I saw the rheumatologist for the first time last week. It was refreshing to see someone who seemed to know what was going on. My general practitioner is great but I’m glad she referred me instead of just treating the symptoms.
I don’t have a diagnosis, yet, but the new guy ruled out lupus and rheumatoid arthritis. I told him I can’t afford an MRI, so he is taking a “Dave Ramsey approved” course of action.
The doctor asked me a bunch of family history questions. I told him about my dad. He’s 70 and he claims he can still run like a deer. The doctor laughed and said I’m better off than running around like an effeminate deer. I had never considered it, but deer are kind of effeminate.
I had a few x-rays taken and a few vials of blood drained from me. He sent the blood to the lab and I’m going to start some super-expensive medicine that should be deeply discounted with one of those prescription cards issued by the drug company.
As long as my end is under a hundred bucks I’ll manage. The doctor said this medicine costs about $3000 a month. Before he told me my out of pocket cost would be reasonable, I considered leaving. Who needs a diagnosis if you can’t afford the treatment?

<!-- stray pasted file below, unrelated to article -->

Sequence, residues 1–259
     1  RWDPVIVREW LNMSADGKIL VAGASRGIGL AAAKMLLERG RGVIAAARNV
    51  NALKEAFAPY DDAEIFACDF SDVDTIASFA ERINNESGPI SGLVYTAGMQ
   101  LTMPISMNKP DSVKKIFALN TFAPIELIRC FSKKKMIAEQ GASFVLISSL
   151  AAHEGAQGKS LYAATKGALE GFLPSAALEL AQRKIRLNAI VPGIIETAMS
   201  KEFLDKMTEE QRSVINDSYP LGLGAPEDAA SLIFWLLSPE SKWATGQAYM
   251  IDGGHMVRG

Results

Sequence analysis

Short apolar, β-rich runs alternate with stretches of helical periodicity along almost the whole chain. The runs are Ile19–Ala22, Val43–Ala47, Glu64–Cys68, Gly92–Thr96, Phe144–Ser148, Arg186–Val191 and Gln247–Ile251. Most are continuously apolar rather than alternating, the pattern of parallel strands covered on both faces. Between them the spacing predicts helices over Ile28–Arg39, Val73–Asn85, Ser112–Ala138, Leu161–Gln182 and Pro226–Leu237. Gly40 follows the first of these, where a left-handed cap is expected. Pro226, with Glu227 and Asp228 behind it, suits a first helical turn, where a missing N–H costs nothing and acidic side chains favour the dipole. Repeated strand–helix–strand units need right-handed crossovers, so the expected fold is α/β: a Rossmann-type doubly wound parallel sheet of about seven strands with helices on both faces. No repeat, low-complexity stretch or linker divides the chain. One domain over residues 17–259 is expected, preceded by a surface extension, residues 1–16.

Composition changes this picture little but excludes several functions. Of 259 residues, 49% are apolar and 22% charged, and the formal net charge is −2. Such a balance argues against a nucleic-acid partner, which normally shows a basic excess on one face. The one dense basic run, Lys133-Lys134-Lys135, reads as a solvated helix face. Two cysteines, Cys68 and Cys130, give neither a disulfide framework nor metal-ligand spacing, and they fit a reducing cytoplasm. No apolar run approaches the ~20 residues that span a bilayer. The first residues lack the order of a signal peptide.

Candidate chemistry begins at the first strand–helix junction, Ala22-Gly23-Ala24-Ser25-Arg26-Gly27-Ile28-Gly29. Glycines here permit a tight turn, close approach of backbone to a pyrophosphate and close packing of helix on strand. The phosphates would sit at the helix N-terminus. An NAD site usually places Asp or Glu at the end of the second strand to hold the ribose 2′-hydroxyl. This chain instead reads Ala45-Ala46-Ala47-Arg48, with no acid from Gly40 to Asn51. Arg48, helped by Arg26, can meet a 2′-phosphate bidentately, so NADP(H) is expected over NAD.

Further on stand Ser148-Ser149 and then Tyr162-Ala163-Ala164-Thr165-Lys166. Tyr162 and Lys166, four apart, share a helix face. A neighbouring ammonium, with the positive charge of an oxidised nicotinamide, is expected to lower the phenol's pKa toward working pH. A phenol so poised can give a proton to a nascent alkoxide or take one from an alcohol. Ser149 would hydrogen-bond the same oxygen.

Using medicine as a diagnostic tool reminds me of House M.D., but my physician isn’t giving me hepatitis to treat me. I’m glad.
The doctor says it is possible my issue is mechanical, but if the medicine works, the two ailments that fit my symptoms are psoriatic arthritis or ankylosing spondylitis. The symptoms fit the latter disease better.
I can’t even pronounce it. I just know I’m in pain. I may be near an actual diagnosis, and at this point, I hope it is one of these disorders. It means there is a treatment.
(CC image courtesy of Anagoria on Wikimedia Commons).